Research now proves what these experts already knew: that if you want to change your life, the place to start isn't in your mind, but in your body.
The idea of altering your mind through movement sounds almost metaphorical. Stretch yourself. Strengthen your core. Grow some backbone. Listen to your body.
Yet recent science has found not only that you can trigger a physical change with your mind but also that real transformation can start with your body: with movement, with breath, with shifting your physical habits, no matter what your age.
At first glance, healing trauma through yoga may not seem to have much in common with teaching hip-hop to at-risk teens―or any of the other forms of transformative movement profiled here. But the practices have this in common: Slow down, feel your body, and, as it moves, be aware of how it feels on the earth. And the practitioners are all living proof that many times, real transformation starts not with thinking, analyzing, or intellectual will but with movement.
Sarah Crowell: Walking Differently in the World
Sarah Crowell is the program director at Destiny Arts, in Oakland, California. The dance and martial arts center teaches at-risk teens to channel their experiences into performances and shows them how to prevent violence, build community, and stand up for justice. Destiny Arts serves more than 4,000 kids at 45 schools in programs and afterschool classes. Its violence-prevention protocol, included in every program, stresses using reason and words before fighting. Kids abide by a Warrior’s Code that includes such tenets as “A Warrior is skilled in body and kind in heart.”
Destiny, an acronym for “De-Escalation Skills Training Inspiring Youth,” has garnered wide recognition, including a Peace Builder award by the Northern California Campaign for Peace in 2009.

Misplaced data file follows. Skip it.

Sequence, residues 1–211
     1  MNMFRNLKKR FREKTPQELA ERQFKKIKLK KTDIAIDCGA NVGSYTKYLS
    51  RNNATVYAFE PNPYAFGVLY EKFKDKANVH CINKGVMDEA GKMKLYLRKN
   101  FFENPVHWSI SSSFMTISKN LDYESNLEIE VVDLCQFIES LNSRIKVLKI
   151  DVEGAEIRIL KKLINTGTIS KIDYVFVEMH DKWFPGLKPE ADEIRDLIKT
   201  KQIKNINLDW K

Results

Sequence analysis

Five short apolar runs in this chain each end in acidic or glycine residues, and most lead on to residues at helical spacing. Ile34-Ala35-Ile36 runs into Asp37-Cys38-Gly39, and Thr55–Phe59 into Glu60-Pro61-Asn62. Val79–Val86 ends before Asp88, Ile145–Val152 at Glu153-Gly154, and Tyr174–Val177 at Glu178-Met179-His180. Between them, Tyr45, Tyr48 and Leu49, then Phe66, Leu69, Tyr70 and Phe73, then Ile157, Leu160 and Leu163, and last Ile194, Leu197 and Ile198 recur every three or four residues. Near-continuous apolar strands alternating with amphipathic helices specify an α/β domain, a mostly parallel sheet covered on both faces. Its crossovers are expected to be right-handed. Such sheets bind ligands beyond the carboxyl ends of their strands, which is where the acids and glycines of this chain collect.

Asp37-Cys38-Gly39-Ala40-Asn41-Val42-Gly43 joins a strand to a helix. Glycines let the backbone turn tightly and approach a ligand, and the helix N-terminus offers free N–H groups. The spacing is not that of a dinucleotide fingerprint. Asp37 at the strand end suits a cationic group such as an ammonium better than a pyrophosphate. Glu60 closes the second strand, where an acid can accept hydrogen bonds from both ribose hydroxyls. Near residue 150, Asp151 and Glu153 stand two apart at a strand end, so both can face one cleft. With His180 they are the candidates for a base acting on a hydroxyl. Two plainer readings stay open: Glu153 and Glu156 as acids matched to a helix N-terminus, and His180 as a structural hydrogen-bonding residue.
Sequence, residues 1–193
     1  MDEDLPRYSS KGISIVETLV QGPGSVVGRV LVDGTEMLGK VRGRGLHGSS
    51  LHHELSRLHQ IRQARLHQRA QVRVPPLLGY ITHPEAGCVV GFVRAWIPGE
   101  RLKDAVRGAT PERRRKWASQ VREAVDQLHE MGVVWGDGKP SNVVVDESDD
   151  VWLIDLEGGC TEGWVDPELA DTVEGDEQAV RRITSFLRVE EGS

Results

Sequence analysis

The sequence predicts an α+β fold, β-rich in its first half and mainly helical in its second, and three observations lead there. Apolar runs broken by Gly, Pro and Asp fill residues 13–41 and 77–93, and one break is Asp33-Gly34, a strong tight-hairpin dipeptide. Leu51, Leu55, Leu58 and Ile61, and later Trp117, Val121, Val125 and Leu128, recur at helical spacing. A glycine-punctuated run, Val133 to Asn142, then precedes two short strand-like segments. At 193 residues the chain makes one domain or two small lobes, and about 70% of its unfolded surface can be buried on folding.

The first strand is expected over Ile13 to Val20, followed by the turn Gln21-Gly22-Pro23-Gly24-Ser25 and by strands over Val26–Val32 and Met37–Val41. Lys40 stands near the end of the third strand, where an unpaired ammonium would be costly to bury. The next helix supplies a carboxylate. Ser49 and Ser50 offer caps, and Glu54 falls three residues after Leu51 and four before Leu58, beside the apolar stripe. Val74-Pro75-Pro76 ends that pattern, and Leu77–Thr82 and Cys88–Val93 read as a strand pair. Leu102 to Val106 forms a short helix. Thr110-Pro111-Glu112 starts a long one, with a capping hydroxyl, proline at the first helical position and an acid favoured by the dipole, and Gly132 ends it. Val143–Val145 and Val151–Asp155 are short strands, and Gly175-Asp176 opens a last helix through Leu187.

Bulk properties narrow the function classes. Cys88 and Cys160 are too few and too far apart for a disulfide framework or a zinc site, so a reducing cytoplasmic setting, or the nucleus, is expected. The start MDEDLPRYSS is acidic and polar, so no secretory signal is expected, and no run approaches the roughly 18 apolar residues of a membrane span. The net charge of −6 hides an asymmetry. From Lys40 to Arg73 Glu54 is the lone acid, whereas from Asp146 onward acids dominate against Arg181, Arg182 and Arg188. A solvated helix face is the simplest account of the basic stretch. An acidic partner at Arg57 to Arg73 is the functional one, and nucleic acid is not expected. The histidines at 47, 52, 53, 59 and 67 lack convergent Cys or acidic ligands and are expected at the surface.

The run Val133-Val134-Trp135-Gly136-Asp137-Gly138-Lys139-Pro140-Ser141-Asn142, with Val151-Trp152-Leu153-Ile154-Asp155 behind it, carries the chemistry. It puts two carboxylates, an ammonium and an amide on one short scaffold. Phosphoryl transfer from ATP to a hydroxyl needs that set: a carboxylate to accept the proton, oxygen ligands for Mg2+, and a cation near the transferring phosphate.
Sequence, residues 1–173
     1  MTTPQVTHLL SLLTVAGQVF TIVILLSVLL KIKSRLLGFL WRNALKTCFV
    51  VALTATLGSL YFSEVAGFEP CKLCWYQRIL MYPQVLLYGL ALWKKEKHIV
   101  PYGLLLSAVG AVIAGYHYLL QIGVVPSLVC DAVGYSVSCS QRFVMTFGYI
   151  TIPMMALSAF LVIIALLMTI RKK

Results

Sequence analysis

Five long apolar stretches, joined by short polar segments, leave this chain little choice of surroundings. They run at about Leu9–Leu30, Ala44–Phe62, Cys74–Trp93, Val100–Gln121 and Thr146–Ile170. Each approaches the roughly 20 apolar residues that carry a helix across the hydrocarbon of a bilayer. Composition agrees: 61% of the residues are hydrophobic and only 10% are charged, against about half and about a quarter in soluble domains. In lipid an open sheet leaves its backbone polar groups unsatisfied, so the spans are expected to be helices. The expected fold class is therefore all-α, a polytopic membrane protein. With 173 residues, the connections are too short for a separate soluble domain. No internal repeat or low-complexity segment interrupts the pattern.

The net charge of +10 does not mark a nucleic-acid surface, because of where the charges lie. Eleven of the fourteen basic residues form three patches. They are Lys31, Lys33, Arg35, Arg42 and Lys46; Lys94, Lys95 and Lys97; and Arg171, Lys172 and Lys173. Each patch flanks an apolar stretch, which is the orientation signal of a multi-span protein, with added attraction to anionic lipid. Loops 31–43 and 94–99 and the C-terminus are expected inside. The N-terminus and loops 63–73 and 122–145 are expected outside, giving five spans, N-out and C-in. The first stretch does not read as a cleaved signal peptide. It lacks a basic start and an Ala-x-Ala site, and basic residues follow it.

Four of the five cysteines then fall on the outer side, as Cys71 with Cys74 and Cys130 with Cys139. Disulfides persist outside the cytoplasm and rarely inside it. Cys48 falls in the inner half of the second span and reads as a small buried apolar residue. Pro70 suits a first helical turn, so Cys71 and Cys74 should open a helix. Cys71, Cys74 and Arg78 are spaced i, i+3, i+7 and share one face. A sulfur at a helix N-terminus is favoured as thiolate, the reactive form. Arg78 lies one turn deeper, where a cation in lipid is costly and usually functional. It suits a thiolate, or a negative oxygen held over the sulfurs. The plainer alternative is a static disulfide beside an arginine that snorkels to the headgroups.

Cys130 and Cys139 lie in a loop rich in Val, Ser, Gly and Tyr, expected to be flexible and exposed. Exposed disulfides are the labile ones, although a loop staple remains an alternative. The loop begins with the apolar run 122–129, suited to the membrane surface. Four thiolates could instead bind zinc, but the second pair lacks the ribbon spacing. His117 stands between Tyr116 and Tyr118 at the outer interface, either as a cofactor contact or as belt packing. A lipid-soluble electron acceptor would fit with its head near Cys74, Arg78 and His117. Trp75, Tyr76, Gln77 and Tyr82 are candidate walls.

Destiny Arts was started in 1988 as a martial arts program called Hand to Hand by Kate Hobbs. She wanted to supply tools so kids could feel safe.
Hip-hop had just become a studio art. I was with Dance Brigade and hadn’t taught much, but she said, “Why don’t you teach? If you can get more kids off the street, great.”
Kate saw dance as a way to draw kids into the curriculum of martial arts and dispute resolution, but not necessarily as a violence-prevention method.
I thought different, that dance itself could do it. We gave them skills to gain confidence and a sense of self. That in itself is violence prevention.
We wanted to know: Can we take kids out of the emergency of life and show them a bigger view of their lives, communities? How can they positively impact their world with something they love?
Every rehearsal, every day, there is some kind of drama, because they are teenagers. They’re developing critical-thinking skills and grappling with growing up. I invite them, though, to use movement, to put the emotion into the movement and take control of it and not let the emotions control you. I give them physical experience to pass through a threshold, someplace they thought was impossible―fear, anger, sadness, hurt. I try to help them boil down those feelings and channel them into movement. If you’re really mad, use it in the dance. I watch them go from an imploded, hopeless place into their power and joy. It’s absolutely physical and visible.
The kids collaborate with the artistic director and a guest artist to create original material about their lives and passions. Our performances have become a new rite of passage or initiation: telling your story, moving your story, and having people witness this.